College Humour

CaptureThis is probably the first and last time I’ll take an idea for a lesson off of College Humor, home to such intellectual gems as “The Problem with Jeggings” and “The 7 Types of Hangovers You Will Have on New Year’s Day”.

But If Everyone Still Wrote Like They Did In College could actually be a  nice resource in a lesson  on text genre, writing for your audience or how to avoid the cliches of formulaic essay writing.

The joke is they take a variety of written texts–a newspaper article, wedding invite, Ikea instruction sheet, Craigslist ad, recipe, etc.–and flout the expected textual conventions of each, replacing them with text written in the style of an academic essay. (In many examples a cliched, over-the-top example of the most stereotypical bad academic writing one could imagine.) Hilarity ensues.

But you could see how these pieces could the gateway for some valuable discussion.

Why is this piece considered funny? What does a typical text of this type look like, in terms of format, vocabulary, structure, tone, register, etc.? How is the text that appears here NOT like that? Could you re-write the text as it appears here in a way appropriate for this genre? These examples are considered bed examples of academic writing–can you identify why?

If students seemed to really grasp why these examples just “feel” wrong, I’d probably underline that someone reading an academic text where the writer does not fulfil the conventions of academic writing gets that same feeling that something’s not right, and that it can even border on humorous. Sometimes its hard to convince high-IELTS-scoring students stuck in that high-intermediate plateau who think their writing “good enough” that no, it will not cut the mustard at university, and it’s nice to have a more visceral example to drive that point home.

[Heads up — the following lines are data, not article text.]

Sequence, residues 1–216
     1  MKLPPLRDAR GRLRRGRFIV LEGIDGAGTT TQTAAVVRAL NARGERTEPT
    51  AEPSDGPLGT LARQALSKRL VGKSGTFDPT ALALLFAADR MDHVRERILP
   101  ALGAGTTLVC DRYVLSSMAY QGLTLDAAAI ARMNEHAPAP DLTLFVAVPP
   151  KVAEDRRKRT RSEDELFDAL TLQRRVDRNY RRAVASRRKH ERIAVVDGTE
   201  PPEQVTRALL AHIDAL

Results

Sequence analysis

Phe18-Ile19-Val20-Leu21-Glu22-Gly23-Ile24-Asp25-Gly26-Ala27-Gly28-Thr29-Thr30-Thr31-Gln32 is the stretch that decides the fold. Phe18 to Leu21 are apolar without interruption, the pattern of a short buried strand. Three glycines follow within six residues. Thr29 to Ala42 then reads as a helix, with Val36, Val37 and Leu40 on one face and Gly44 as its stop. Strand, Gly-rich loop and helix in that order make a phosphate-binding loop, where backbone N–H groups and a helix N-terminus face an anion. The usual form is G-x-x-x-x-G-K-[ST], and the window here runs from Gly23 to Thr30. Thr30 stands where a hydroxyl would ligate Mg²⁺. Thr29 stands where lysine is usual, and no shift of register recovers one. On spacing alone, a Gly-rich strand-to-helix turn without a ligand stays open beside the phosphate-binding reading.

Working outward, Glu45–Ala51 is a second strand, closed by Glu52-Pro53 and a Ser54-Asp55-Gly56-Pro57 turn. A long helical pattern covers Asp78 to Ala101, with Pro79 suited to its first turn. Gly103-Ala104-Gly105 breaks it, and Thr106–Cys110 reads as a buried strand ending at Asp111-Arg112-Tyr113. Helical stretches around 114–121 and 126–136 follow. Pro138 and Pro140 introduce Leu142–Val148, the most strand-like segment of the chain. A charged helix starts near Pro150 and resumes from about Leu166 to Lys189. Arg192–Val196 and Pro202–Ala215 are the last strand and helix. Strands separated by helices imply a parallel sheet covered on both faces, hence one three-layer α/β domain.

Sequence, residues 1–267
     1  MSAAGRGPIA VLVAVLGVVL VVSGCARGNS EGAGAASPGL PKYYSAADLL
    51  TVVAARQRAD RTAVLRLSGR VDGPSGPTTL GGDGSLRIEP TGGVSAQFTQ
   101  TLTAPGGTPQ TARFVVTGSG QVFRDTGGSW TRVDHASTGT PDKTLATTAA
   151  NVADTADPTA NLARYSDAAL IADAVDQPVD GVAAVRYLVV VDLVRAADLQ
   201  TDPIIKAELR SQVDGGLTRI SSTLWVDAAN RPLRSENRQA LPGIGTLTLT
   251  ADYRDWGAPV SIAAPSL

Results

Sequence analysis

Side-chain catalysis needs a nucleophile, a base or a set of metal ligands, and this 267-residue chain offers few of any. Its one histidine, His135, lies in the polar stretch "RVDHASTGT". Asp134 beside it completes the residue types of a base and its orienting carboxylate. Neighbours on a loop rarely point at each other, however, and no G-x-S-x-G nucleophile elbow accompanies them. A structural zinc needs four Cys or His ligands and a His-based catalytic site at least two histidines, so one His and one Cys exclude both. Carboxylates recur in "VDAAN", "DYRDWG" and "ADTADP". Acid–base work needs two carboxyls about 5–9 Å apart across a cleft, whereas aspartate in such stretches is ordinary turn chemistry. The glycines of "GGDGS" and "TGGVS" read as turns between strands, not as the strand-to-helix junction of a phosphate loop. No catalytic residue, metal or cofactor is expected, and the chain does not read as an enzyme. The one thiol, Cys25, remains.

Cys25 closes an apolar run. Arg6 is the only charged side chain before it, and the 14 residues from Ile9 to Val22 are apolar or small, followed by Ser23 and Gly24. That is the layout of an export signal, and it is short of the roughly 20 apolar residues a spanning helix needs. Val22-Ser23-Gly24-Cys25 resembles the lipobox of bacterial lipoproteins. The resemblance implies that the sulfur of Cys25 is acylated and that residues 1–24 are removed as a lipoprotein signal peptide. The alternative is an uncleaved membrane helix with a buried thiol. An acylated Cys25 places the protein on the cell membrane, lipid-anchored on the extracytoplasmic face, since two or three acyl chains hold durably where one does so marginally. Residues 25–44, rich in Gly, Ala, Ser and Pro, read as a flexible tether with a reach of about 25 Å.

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2 thoughts on “College Humour

  1. Interesting lesson plan. I can see this being really effective with a high level ELT class. I think it might be useful for our engineering elt — a way to help them realize that different tasks require different writing styles.

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